Reversing historic gender discrimination
Double descent came about from the 2018 case of the Advocate General for Scotland v Romein, where the UK Supreme Court examined historical gender discrimination issues derived from former British nationality legislation. Before the current British Nationality Act 1981 came into force on 1 January 1983, British women could not pass British citizenship to their children born outside the UK. Under that law, only British fathers could do so, if the birth was registered at a British consulate within a year.
This applied to men who were British either by birth or by descent (i.e. whose fathers had been born in the UK). At the time, men born in the UK had to right to pass British citizenship to children and grandchildren. This was known as “double descent”. This is no longer the case.
The Romein judgement
Ms Romein, who made the appeal was born in the US in 1978. Her father was a US citizen, and her mother was a South African born British citizen by descent. Ms Romein’s maternal grandfather had been born in the UK, so was able to pass on his citizenship to Ms Romein’s mother. Whilst pregnant with Ms Romein, her mother made enquiries with the British High Commission in Johannesburg to be told that she would not be able to register her child as a British citizen.
After the current British Nationality Act 1981 became law, changes to the nationality rules were introduced allowing individuals born abroad to British mothers before 1983 to potentially register as British citizens by descent. Ms Romein tried to take advantage of this change to claim British citizenship. The Home Office rejected her application on the basis that her birth had not been registered at a British consular office within a year of her birth. Ms Romein challenged this decision in the UK courts. The case went all the way to the Supreme Court who ruled in favour of Ms Romein.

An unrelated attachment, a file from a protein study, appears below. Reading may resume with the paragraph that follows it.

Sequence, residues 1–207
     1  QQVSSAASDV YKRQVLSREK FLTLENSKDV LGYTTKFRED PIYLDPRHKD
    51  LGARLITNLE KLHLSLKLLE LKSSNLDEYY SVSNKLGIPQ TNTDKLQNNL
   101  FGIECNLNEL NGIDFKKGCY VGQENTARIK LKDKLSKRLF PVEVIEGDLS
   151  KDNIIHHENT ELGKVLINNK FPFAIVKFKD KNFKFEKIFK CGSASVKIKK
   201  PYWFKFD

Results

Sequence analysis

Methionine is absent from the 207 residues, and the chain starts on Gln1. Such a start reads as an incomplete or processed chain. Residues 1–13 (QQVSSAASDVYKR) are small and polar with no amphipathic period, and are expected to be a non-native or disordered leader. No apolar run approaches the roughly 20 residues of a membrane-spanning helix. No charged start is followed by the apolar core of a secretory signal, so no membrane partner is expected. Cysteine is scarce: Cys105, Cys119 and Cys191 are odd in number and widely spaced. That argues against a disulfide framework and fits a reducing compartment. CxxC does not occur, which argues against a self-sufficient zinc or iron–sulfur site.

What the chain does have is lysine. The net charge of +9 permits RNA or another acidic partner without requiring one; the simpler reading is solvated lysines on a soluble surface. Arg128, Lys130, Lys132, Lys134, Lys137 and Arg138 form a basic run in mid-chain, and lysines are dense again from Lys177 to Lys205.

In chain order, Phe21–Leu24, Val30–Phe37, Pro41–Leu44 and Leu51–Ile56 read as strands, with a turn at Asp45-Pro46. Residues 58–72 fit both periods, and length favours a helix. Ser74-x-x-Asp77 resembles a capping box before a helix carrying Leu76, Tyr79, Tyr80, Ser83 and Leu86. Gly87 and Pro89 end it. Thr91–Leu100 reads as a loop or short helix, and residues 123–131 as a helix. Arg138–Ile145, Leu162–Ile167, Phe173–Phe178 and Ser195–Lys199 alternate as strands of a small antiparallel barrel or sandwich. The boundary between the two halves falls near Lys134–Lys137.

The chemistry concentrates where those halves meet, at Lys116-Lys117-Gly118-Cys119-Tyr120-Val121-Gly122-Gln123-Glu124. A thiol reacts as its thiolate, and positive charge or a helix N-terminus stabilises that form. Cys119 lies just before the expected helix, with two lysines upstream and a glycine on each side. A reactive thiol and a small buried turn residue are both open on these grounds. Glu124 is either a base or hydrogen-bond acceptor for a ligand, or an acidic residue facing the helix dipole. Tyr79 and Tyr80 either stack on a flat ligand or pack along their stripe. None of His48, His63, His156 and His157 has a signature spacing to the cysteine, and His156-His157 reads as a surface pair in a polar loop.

Who can benefit
Although this was a complex judgement, broadly speaking, the applicants for double descent must meet the following requirements:
- must have been born in a foreign country. This will vary from country to country. In Commonwealth countries, this means after independence. For example, South African nationals, must have been born between 31 May 1962 (when South Africa left the Commonwealth and was therefore considered a foreign country) and 31 December 1982 (the day before the current nationality law came into force)
- maternal grandfather was born in the UK
- father was not a British citizen, by birth or by descent
- mother was a British citizen at the time (either by birth or by descent)
Applicants able to meet these four requirements are in the strongest position to be registered as British citizens. However, these requirements are not set in stone, and it may be possible to secure registration in cases where the applicant partially meets the criteria.
How to apply
Applications for British nationality by double descent need to be made to the Home Office’s nationality department in the UK. Whilst applications can be made from abroad, they will not be processed by consulates or High Commissions. Applicants must deal directly with the Home Office in Liverpool.
Applications are free of charge but a payment of £80 is required on application. This is to fund a citizenship ceremony if the application is successful. There is also a small charge to be paid to enrol biometric information at a visa centre either in the UK or abroad.
It needs to be understood that there is no automatic entitlement to registration as a British citizen by double descent. All applications made under British Nationality Law are discretionary in nature and very much decided on a case-by-case basis. This means that if the application is refused, there is no right of appeal although there is a reconsideration process to challenge negative decisions.
British nationality law is complex in nature. Every case must be argued individually on its own specific facts and merits. It is important to understand that successful applicants become British citizens by descent and will not be able to pass on citizenship to their own children unless they have lived in the UK for 3 years at any time before their children were born.
Article prepared by Ana Gonzalez, who is an immigration solicitor and Partner at Wilson Solicitors LLP. With over 20 years working in the field, Ana has very extensive expertise in all aspects of UK Immigration and Asylum Law.